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2.9 out of 5 stars
2.9 out of 5 stars
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VINE VOICEon 24 March 2008
The movie is the product of enormous love and dedication on the part of the director, the production team and the actors. It is visually stunning and conjures up the appearance and atmosphere of Vienna at the end of the Nineteenth century with great fidelity. The costume design by Birgit Hutter is wonderful, and Ricardo Aronovich, the Director of Photography, creates a cinematic equivalent of Klimt's swirling, bejewelled paintings.

The acting is convincing but there are discrepancies between the naturalistic style of the British actors like Saffron Burrows and Stephen Dillane, and the more expressionistic theatrical approach of the German, Austrian and other nationalities. John Malkovich's approach is different again, and although he greatly resembles the painter, Gustav Klimt, he does not seem to have effectively integrated himself into the whole. As far as resemblances are concerned, the prize goes to Nikolai Kinski as Egon Schiele, and if the director had decided to go all out for an Expressionist approach like Kinski's, the movie would have been a greater success.

Its main problem, however, is that it lacks dramatic structure. It is dreamlike (and occasionally nightmarish) to a degree, but it remains structurally far too loose for its two-hour length.

However, it is a visual treat and if you like the art of the Vienna Secession, it's well worth viewing.
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on 4 July 2015
I bought this because I love Klimt paintings but after the first hour of watching this I lost interest in the characters and John Malkovich didn't seem at home with his character - or maybe he portrayed Klimt so well I was the one not comfortable with Klimt ! I saw no real contact between Klimt and his work which is what I was hoping for so stopped watching. The swings from past to present and back swirled too much for me to keep up too. Bah. Disappointed.
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on 27 December 2012
It's notoriously difficult to make any kind of decent cinema about, or in homage to, serious painting. Kitsch is frequently what results --particularly when the original visual artist being made the subject of the film has a strongly distinctive visual style.

It seems that so often film makers can't resist trying to provide some sort of cinematic equivalent to the 'look' of the original art. When the underlying conceptual basis of the art is either too sophisticated and complex to readily translate into a theme in the cinematic narrative, I suppose falling back on some sort of equivalent visual style is a seductive alternative; easier than actually addressing the core nature of that art. Such is the case in this film in which the Viennese Successionist master Gustav Klimt is treated as a vehicle by which to construct an expressionistic mosaic depicting his cultural milieu: the decadence and avant-guarde sophistication of Vienna at the end of the Austro-Hungarian Empire. A big subject for a little film and evidently way beyond do-able for this particular director.

It's never made clear why Klimt is deemed interesting enough to focus upon and his cultural context is presented in only the most confused and cosmetic manner. As drama this is a boring, totally un-involving mess; a self-indulgent, plotless narrative sequence of impressionistic scenarios touching upon the themes of sex, death, manners, style and cultural pretentiousness (yes --all elements of Klimt's art, but so what?). Don't expect a historical biopic. Even a dodgy one. You will learn bugger-all about Klimt either as a painter or a man. What you'll see is John Malkovich in costume doing his usual performance thing while participating in another artily 'interesting' film project. Klimt doesn't get a look-in. Klimt, the character, is simply a self-indulgent sensualist; a posturing, syphilitic aesthete who refuses to conform to critical expectations but who as artist adopts an ill-defined position rejecting all camps. Probably the film's director's idea of a sane position in a mad world. Certainly, from the start, he has his protagonist do little more than pass through one expressionistic dream sequence after another in which naturalistic acting clashes madly with heightened performance style in a manner that quotes Surrealist cinema in the most self-conscious, Postmodernist manner. Such obvious signalling to the viewer gets to be a little trying after a while. In a word: annoying. And yet, it's never explained why everyone around Klimt in scene after scene finds him so fascinating and brilliant an individual. The script simply assumes this to be self-evident and makes no attempt to present, if not a charismatic character, at least an interesting personality. It's character presented as surface pattern.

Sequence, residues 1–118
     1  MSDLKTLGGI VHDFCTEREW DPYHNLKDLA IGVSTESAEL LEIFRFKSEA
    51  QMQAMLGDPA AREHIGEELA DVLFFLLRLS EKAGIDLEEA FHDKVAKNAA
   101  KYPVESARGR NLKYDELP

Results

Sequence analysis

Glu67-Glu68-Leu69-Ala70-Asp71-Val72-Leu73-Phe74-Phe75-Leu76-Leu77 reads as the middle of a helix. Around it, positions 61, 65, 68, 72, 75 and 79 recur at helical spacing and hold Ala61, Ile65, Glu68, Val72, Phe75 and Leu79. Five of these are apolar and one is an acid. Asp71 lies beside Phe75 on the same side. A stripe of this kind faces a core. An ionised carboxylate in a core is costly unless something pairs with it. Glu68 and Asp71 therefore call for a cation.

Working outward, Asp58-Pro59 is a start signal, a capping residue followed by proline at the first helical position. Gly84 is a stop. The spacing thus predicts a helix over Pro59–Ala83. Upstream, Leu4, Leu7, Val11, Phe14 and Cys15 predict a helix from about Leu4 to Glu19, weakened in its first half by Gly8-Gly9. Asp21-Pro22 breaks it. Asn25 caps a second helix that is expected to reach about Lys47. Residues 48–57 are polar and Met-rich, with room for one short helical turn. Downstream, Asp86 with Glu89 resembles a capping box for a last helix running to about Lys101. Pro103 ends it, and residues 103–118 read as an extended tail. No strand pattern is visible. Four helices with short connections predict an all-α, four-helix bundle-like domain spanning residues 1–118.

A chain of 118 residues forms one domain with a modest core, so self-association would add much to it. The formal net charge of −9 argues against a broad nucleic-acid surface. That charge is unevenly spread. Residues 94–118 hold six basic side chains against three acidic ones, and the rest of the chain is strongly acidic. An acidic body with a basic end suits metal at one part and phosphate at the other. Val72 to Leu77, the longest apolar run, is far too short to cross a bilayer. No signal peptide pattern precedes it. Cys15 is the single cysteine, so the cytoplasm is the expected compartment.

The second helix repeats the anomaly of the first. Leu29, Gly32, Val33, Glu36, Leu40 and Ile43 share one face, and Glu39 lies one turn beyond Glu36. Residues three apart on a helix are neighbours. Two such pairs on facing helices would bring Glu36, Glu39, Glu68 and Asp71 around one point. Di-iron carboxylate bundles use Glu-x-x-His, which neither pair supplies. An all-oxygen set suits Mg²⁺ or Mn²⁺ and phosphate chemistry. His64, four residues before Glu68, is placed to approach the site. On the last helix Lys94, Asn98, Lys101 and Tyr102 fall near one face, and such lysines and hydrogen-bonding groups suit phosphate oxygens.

And what about the Art? Purely as an exercise in visual style, this film also fails to satisfy. It's full of verve in the sense that it plays with a succession of images suggesting the relationship between simulacra and identity with considerable abandon. An over-lush obsession with surface style is made to suggest the decorative decadent veneer of a bourgeois 19th Century Europe teetering on the brink of a horrific new Modern era. The film's collaged surface is obviously supposed to stand-in for the apparent superficiality of Klimt's highly decorative form of mannerism. But whereas there was genuinely a sophisticated and unsettling depth to Klimt's overtly decorative style, the cinematic equivalent is purely superficial style communicating precious little about it's subject. Instead it self-indulgently assumes that the audience will bring a decent knowledge of Klimt's place in art history to the cinema and thus be able to interpret what's presented on screen; the better to appreciate the creative vision of the thing. Be warned: if you don't particularly care about art or arthouse cinema, you will certainly find this film pretentious twaddle.